But once a legal tender like the digital yuan is in wide circulation, it could have the edge over the private companies. With a robust backup like the e-CNY in place, tech companies will have no choice but to comply with the changing digital banking rules and regulations from time to time. Failure to comply with this could lead to serious penalties. For instance, in April, the tech company Alibaba was fined $2.8 billion by authorities for uncompetitive behaviour, [viii] and WeChat was forced to adhere to traditional banking norms. In July, the ride-hailing company Didi Global Inc.’s app was removed from the mobile app stores in China and the company was asked to make changes in its policy to comply with Chinese data protection rules.[ix] However, private players have been given the role for e-CNY circulation; buying e-CNY is possible through the bank affiliates of Tencent and Ant Group that is in charge of private digital payment platforms.

Apart from the wide domestic adoption of digital yuan, China has also been testing e-CNY in other countries like Hong Kong, the United Arab Emirates and Thailand.[x] Some research groups in China have proposed that China issues digital yuan in the countries engaged in its “Belt and Road Initiative”,[xi] which could further help fulfil its ambitions of developing a digital silk road. PBOC has been actively exchanging views with international organisations like the Bank for International Settlements (BIS), the World Bank and the International Monetary Fund on “cutting-edge issues” on digital yuan.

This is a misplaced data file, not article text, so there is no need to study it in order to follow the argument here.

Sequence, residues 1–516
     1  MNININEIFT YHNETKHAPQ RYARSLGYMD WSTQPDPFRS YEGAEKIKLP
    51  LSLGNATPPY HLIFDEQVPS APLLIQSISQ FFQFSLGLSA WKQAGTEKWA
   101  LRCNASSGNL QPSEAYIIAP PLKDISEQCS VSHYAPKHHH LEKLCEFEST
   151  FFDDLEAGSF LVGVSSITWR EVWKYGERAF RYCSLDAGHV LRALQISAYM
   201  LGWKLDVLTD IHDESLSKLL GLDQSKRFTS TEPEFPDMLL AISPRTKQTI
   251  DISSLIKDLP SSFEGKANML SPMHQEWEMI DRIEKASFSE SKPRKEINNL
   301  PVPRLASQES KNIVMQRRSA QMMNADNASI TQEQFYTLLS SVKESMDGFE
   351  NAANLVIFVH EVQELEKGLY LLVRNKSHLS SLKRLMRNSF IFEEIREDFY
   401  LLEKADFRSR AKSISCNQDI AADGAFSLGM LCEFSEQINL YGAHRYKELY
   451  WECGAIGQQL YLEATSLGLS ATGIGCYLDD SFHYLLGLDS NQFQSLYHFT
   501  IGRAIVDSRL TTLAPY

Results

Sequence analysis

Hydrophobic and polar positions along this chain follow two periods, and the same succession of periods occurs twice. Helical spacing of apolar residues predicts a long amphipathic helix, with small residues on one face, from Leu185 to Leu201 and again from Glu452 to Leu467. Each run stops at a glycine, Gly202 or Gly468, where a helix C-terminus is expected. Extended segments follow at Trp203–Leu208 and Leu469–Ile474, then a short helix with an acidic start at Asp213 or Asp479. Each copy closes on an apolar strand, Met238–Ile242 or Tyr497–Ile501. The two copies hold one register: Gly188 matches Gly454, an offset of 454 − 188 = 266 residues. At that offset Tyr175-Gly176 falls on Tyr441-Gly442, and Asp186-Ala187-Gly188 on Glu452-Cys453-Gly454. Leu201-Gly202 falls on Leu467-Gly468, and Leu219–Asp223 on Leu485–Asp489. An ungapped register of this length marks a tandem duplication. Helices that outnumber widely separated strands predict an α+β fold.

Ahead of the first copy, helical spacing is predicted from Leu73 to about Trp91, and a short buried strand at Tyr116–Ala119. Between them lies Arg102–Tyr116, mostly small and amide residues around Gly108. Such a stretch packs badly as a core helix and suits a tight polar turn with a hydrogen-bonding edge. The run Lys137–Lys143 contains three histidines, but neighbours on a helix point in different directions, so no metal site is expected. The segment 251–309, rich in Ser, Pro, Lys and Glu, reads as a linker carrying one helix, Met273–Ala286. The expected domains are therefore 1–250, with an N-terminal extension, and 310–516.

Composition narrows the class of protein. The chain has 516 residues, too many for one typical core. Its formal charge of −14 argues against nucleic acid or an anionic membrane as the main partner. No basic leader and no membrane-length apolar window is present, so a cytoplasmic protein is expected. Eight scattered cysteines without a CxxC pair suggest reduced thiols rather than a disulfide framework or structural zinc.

However, its long term goal of internationalising the digital yuan would depend upon the openness of global financial markets. But it would anyway increase China’s influence globally, posing a challenge to the already existent trade and cyber conflicts with the US. For instance, in July, the United States had accused China of being linked to the Microsoft hack that affected several organisations in the US and worldwide.[xii] The US cybersecurity agencies will closely monitor a state-sponsored digital currency like the e-CNY, especially after the series of cyber-attacks on its various utilities this year (2021) like the Colonial Pipeline, the Kaseya IT software, and more.